50,000 New Zealander teachers walk out of jobs, demand pay raise
President of the New Zealand Educational Institute Mark Potter states that the walkout's aim is to "send a message to the government about how serious we are about needing change."
After the talks with the Ministry of Education reached a dead end, almost 50,000 teachers and childhood educators in New Zealand walked out of their jobs on Thursday, demanding higher pay and better work conditions.
Organized and led by the Post Primary Teachers Association (PPTA) and the New Zealand Educational Institute (NZEI), the teachers held placards that said "can't afford the dentist" and "too poor to print good signs".
The President of the New Zealand Educational Institute, Mark Potter, stated that the walkout's aim is to "send a message to the government about how serious we are about needing change," adding that they want "the best for our students, but without changes to the system, we can't give it to them,"
Education Minister and former principal Jan Tinetti expressed in front of the protestors outside parliament her disappointment that teachers had to strike and wished the matter would be resolved alongside adding that the government would work for it.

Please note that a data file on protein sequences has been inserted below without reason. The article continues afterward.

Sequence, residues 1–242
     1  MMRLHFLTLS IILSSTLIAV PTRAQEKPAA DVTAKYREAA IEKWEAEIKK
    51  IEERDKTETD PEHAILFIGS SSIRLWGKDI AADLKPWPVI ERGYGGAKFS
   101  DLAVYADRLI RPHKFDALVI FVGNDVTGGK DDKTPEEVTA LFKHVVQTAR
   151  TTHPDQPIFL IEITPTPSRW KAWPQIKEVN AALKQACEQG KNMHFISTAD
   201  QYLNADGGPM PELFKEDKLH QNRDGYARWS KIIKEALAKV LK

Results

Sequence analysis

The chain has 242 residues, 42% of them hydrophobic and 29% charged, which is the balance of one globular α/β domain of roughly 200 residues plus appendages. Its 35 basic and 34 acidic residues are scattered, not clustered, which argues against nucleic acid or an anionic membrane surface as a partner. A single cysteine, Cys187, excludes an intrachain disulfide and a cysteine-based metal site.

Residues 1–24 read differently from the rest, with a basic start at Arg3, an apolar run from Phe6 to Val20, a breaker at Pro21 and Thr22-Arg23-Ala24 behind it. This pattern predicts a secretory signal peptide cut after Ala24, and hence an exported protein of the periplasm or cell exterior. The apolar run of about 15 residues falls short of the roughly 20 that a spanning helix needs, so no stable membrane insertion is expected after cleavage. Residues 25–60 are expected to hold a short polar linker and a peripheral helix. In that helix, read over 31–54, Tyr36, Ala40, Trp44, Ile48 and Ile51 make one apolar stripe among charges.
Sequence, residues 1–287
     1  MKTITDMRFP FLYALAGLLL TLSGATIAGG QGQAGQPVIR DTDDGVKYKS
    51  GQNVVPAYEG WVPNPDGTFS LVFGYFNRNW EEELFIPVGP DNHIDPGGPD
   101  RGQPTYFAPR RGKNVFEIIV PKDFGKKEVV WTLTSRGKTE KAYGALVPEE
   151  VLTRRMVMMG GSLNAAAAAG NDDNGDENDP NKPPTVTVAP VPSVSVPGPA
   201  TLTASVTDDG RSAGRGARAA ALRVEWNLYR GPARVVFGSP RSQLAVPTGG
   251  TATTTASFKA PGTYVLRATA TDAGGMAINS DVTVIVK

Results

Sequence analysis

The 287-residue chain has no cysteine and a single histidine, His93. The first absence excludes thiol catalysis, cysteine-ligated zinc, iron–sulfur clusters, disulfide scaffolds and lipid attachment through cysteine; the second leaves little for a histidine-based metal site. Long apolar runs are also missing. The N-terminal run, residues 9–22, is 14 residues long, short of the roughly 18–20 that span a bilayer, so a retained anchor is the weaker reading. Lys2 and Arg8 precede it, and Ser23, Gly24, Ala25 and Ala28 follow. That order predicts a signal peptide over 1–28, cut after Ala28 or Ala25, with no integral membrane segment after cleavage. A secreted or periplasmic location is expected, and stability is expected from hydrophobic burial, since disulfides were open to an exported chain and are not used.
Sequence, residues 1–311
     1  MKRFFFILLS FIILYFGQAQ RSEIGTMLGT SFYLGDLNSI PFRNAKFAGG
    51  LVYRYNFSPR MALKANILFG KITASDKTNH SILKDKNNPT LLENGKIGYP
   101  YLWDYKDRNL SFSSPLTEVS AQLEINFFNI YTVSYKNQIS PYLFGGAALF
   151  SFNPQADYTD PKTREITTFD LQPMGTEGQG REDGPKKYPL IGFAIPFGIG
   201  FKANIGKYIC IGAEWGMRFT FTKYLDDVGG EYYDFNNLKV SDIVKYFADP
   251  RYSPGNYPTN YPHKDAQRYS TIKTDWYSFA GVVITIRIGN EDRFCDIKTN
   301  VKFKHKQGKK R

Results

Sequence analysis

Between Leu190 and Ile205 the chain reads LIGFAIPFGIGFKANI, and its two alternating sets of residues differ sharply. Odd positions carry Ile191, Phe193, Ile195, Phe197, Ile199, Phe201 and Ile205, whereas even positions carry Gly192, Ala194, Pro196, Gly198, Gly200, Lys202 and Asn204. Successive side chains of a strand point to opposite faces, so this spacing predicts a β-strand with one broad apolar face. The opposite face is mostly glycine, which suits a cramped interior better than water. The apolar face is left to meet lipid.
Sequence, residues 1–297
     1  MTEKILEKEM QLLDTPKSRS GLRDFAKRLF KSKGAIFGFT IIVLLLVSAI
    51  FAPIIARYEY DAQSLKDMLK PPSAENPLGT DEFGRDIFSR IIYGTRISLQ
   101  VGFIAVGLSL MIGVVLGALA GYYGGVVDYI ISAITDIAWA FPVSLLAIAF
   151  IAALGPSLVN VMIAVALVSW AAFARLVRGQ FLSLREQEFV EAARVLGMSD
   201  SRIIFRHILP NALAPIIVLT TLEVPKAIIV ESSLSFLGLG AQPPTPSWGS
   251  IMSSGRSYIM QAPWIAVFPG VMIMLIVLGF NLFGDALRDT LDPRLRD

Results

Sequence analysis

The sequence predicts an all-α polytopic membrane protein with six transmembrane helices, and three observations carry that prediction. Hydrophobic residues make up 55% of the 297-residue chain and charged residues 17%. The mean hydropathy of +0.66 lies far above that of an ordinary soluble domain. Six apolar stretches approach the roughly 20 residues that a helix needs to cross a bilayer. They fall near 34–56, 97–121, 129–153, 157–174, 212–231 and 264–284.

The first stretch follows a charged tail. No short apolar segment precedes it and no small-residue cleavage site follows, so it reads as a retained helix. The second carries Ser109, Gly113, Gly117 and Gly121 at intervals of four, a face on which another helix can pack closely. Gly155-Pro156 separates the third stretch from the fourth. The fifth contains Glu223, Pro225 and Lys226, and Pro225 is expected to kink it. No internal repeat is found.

"We know it's been a really tough time for teachers over the last couple of years, as it has been for everybody, but my heart goes out to them," Tinetti said.
At a 'crisis point'
New Zealander Prime Minister Chris Hipkins promised during his appointment in January to focus government reform on the "global pandemic of inflation" while the Labour Party announced it would focus on the rising costs - teachers are a key voting base of the Party.
The prices of food have already gone up 11.3% year-on-year in December 2022, which is considered the biggest jump in more than three decades. Prior to the Covid-19 pandemic, New Zealand's economy had not contracted since 2010.
Hipkins, who also goes by the nickname "Chippy", played a major role in the country's response to the pandemic and played a troubleshooter for ex-PM Ardern, amping up his competence and capabilities.
Trade unions viewed the government's latest pay offer as not sufficient enough to match inflation, especially since the education sector has reached a "crisis point" due to a shortage of teachers.